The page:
Advances in New Methods of Wastewater Treatment and Management

A special issue of Processes (ISSN 2227-9717). This special issue belongs to the section "Environmental and Green Processes".

Deadline for manuscript submissions: 31 October 2024 | Viewed by 5033

Special Issue Editors


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Guest Editor
Academy of Sustainable Regional Development, El Colegio de Veracruz, Xalapa 91000, Veracruz, Mexico
Interests: water; ecological engineering; nature-based solutions; treatment wetlands; circular economy; sustainability; social process for wastewater management

E-Mail Website
Guest Editor Assistant
Academy of Sustainable Regional Development, El Colegio deVeracruz, Xalapa 91000, Veracruz, Mexico
Interests: governance; wetlands; water; socio-environmental problems

Special Issue Information

Dear Colleagues,

The wastewater treatment field requires to be optimized and sustainable technologies in terms of their performance, environmental footprint, and environmentally friendliness. Likewise, societal concerns should be considered in their management and operation.

The prevention and remediation of water pollution requires many diverse tools applicable in different ecological and sustainable contexts. Greater knowledge on recent developments and innovations in wastewater treatment strategies and processes is needed. This Special Issue will cover the most recent sustainable treatment technologies developed for wastewater treatment and management.

Contributions from both academia and industry as well as experiences from full-scale applications and case studies are welcome. Review papers summarizing the existing knowledge and technological status of different strategies and processes for wastewater treatment and management are also welcome. The topics of interest include, but are not limited to:

  • Conventional wastewater treatment;
  • Aerobic/anaerobic systems;
  • Nature-based solutions;
  • constructed or treatment wetlands;
  • Chemical treatment;
  • Emergent or industrial pollutant removals;
  • Microbial fuel cells;
  • Filtration;
  • Methods and processes for the management of wastewater treatment;
  • Sustainable options for the operation of treatment systems.

Prof. Dr. José Luis Marín-Muñiz
Guest Editor

Dr. Gonzalo Ortega Pineda
Guest Editor Assistant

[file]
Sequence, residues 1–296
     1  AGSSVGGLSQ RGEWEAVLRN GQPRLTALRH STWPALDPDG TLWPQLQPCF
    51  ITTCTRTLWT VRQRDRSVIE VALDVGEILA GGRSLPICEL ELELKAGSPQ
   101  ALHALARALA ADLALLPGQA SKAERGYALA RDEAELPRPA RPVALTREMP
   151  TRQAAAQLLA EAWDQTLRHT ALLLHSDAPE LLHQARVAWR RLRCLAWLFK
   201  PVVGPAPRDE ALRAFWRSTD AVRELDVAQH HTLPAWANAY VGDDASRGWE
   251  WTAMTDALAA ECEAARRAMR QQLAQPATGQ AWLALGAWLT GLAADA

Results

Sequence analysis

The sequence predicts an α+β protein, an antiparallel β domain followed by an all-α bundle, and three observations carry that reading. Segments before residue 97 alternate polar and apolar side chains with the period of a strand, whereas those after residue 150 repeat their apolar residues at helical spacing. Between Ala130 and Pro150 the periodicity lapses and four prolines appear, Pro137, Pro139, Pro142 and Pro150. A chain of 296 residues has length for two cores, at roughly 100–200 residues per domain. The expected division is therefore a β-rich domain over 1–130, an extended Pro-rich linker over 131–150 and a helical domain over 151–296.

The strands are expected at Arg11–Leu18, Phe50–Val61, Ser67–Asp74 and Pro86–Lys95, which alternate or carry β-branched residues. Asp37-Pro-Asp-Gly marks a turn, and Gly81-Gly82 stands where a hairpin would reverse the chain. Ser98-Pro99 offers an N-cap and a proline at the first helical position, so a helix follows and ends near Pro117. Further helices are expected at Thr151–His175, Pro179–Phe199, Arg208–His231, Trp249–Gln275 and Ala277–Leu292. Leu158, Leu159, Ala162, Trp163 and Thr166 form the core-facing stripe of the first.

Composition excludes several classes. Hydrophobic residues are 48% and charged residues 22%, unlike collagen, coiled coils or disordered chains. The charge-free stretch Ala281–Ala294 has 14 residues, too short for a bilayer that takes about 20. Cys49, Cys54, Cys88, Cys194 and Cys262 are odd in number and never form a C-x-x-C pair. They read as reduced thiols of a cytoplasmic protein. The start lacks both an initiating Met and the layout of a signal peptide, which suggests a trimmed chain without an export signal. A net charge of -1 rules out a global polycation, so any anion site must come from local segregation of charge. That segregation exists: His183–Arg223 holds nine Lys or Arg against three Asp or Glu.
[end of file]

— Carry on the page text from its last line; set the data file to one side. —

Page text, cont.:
Manuscript Submission Information

Manuscripts should be submitted online at www.mdpi.com by registering and logging in to this website. Once you are registered, click here to go to the submission form. Manuscripts can be submitted until the deadline. All submissions that pass pre-check are peer-reviewed. Accepted papers will be published continuously in the journal (as soon as accepted) and will be listed together on the special issue website. Research articles, review articles as well as short communications are invited. For planned papers, a title and short abstract (about 100 words) can be sent to the Editorial Office for announcement on this website.

Submitted manuscripts should not have been published previously, nor be under consideration for publication elsewhere (except conference proceedings papers). All manuscripts are thoroughly refereed through a single-blind peer-review process. A guide for authors and other relevant information for submission of manuscripts is available on the Instructions for Authors page. Processes is an international peer-reviewed open access monthly journal published by MDPI.

Please visit the Instructions for Authors page before submitting a manuscript. The Article Processing Charge (APC) for publication in this open access journal is 2400 CHF (Swiss Francs). Submitted papers should be well formatted and use good English. Authors may use MDPI's English editing service prior to publication or during author revisions.

Keywords

  • wastewater
  • sustainability
  • process and management in wastewater treatment
  • innovation

Published Papers (4 papers)

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Research

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14 pages, 5569 KiB  
Article
Retrofitting of a Full-Scale Dewatering Operation for Industrial Polymer Effluent Sludge
by Atiq Malik, Elnaz Sohani, Mahmoud Saleh Shahreza and Aliyu M. Aliyu
Processes 2024, 12(4), 703; https://doi.org/10.3390/pr12040703 - 29 Mar 2024